[8] A.M. Aljeboree, G.S. Hamid, A.A. Katham, M.M. Abdulkadhm, H.A. Lafta, A.M.B. Al-Dhalimy, A.F. Alkaim, S.A. Abed, IOP Publishing, 2022, 1029, 012008. [CrossRef], [Google Scholar], [Publisher]
[9] S.L. Wong, M.H. Mohamed Noor, N. Ngadi, I. Mohammed Inuwa, R. Mat, N.A. Saidina Amin, Int. J. Environ. Res., 2021, 15, 413-426. [CrossRef], [Google Scholar], [Publisher]
[10] D. Bentarfaa, M.L. Sekirifaa, M. Hadj-Mahammeda, D. Richardb, S. Pallierb, B. Khaldounc, H. Belkhalfac, A.H. Al-Dujailid, Desalin. Water Treat., 2021, 236, 190-202. [CrossRef], [Google Scholar], [Publisher]
[11] A. Ebrahimi, F. Samari, E. Eftekhar, S. Yousefinejad, J. Anal. Sci. Technol., 2022, 13, 1-16. [CrossRef], [Google Scholar], [Publisher]
[12] H. Lata, V. Garg, R. Gupta, Dyes Pigm., 2007, 74, 653-658. [CrossRef], [Google Scholar], [Publisher]
[13] M. Sekirifa, S. Pallier, M. Hadj-Mahammed, D. Richard, L. Baameur, A.H. Al-Dujaili, Energy Procedia, 2013, 36, 94-103. [CrossRef], [Google Scholar], [Publisher]
[14] A.M. Ayuba, T.A. Nyijime, S.A. Minjibir, F. Iorhuna, Eurasian J. Sci. Technol., 2024, 4, 105-116. [CrossRef], [Publisher]
[15] R.S. Al-Khalisy, A.M.A. Al-Haidary, A.H. Al-Dujaili, Sep. Sci. Technol., 2010, 45, 1286-1294. [CrossRef], [Google Scholar], [Publisher]
[16] S.-u.-R. Muhammad, M. Muhammad, A. Muhammad, R. Naim, M. Nazar, D. Muhammad, J. Han, Chem. Eng. J., 2013, 228, 54-62. [CrossRef], [Google Scholar], [Publisher]
[17] O.E.-A. Ahmed Adam, A.H. Al-Dujaili, J. Chem., 2013, 2013. [CrossRef], [Google Scholar], [Publisher]
[18] I. Hamadneh, R.A. Abu-Zurayk, A. Aqel, A. Al-Mobydeen, L. Hamadneh, Y. Al-Dalahmeh, F. Hannoon, R. Albuqain, S. Alsotari, A.H. Al-Dujaili, Desalin. Water Treat., 2022, 264, 293-306. [CrossRef], [Google Scholar], [Publisher]
[19] J.H. Viteri, N. Cotolan, L. Barbu-Tudoran, G.L. Turdean, Mater. Today Commun., 2023, 34, 105084. [CrossRef], [Google Scholar], [Publisher]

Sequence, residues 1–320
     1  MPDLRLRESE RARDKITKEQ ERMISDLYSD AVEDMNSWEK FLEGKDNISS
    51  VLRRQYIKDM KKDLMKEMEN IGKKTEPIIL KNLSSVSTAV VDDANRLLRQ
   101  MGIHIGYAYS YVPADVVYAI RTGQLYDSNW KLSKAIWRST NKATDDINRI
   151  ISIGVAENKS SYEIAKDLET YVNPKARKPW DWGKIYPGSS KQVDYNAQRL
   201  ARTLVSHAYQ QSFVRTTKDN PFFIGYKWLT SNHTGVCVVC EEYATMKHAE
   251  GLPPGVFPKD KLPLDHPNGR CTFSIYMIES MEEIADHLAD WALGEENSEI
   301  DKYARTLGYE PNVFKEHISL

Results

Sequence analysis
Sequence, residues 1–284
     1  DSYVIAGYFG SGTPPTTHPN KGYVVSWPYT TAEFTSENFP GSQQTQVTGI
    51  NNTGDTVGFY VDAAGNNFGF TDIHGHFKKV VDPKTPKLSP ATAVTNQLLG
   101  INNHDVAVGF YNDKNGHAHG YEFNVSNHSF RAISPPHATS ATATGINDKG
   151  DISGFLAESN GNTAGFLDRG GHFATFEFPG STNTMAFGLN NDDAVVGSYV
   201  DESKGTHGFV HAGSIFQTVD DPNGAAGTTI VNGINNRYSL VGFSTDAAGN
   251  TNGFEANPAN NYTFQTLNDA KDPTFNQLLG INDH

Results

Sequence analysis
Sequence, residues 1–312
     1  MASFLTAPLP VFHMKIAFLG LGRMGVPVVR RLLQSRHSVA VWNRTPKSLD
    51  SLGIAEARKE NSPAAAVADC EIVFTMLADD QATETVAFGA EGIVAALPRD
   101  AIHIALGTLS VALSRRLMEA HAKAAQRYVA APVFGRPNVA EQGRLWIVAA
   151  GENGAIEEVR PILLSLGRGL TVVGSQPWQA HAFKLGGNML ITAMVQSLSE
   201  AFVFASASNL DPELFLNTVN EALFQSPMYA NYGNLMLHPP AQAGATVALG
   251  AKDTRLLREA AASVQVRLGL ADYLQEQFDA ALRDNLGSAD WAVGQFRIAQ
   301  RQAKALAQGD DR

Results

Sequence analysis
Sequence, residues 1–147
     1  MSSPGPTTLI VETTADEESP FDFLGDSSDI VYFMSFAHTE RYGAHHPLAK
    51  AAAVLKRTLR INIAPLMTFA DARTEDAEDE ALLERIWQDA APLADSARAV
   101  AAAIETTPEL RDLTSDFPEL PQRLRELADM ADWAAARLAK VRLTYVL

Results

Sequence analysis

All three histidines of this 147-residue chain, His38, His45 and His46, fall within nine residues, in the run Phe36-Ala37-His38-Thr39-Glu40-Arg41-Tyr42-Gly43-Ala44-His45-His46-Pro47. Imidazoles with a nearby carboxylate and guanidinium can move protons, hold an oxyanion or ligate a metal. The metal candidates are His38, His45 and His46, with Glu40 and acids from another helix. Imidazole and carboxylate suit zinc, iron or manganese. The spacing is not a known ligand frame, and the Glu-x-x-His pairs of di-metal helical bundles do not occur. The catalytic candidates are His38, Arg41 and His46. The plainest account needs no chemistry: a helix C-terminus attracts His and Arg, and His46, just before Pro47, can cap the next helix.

[20] K. Mphahlele, M.S. Onyango, S.D. Mhlanga, J. Environ. Chem. Eng., 2015, 3, 2619-2630. [CrossRef], [Google Scholar], [Publisher]
[21] A.L. Taka, E. Fosso-Kankeu, K. Pillay, X.Y. Mbianda, J. Environ. Chem. Eng., 2020, 8, 103602. [CrossRef], [Google Scholar], [Publisher]
[22] K. Sivaranjani, S. Sivakumar, J. Dharmaraja, Adv. Mater. Sci., 2022, 22, 28-48. [CrossRef], [Google Scholar], [Publisher]
[23] M. Gouamid, M. Ouahrani, M. Bensaci, Energy procedia, 2013, 36, 898-907. [CrossRef], [Google Scholar], [Publisher]
[24] J.R. Domínguez, T. González, P. Palo, E.M. Cuerda-Correa, Desalination, 2011, 269, 231-238. [CrossRef], [Google Scholar], [Publisher]
[25] N.A. Hussain, A. Taifi, O.K.A. Alkadir, N.H. Obaid, Z.M. Abboud, A.M. Aljeboree, A.L. Al Bayaa, S.A. Abed, A.F. Alkaim, IOP Publishing, 2022, 1029, 012028. [CrossRef], [Google Scholar], [Publisher]
[26] A.M. Aljeboree, N.M. Hameed, H.D. Saleem, H. Jasem, E.S. Abood, A.G. Abdulrazaq, A.K. Aldulaim, A.F. Alkaim, Int. J. Drug Delivery Technol., 2022, 12, 583-587. [Google Scholar]
[27] M.A. Ahmad, R. Alrozi, Chem. Eng. J., 2011, 171, 510-516. [CrossRef], [Google Scholar], [Publisher]
[28] M. Ghaedi, B. Sadeghian, A.A. Pebdani, R. Sahraei, A. Daneshfar, C. Duran, Chem. Eng. J., 2012, 187, 133-141. [CrossRef], [Google Scholar], [Publisher]
[29] H. Mansouri, R.J. Carmona, A. Gomis-Berenguer, S. Souissi-Najar, A. Ouederni, C.O. Ania, J. Colloid Interface Sci., 2015, 449, 252-260. [CrossRef], [Google Scholar], [Publisher]
[30] Z.D. Alhattab, A.M. Aljeboree, M.A. Jawad, F.S. Sheri, A.K. Obaid Aldulaim, A.F. Alkaim, Caspian J. Environ. Sci., 2023, 21, 657-664. [CrossRef], [Google Scholar], [Publisher]
[31] A. Mokhtar, S. Abdelkrim, A. Sardi, A. Benyoub, H. Besnaci, R. Cherrak, M. Hadjel, B. Boukoussa, J. Polymers Environ., 2020, 28, 1710-1723. [CrossRef], [Google Scholar], [Publisher]
[32] N.I. Abdulla, A.M.A. Al-Haidary, M.I. Al-Jeboori, F.H. Zanganah, S.R. Al-Azawi, A.H. Al-Dujaili, EEMJ, 2013, 12. [CrossRef], [Google Scholar], [Publisher]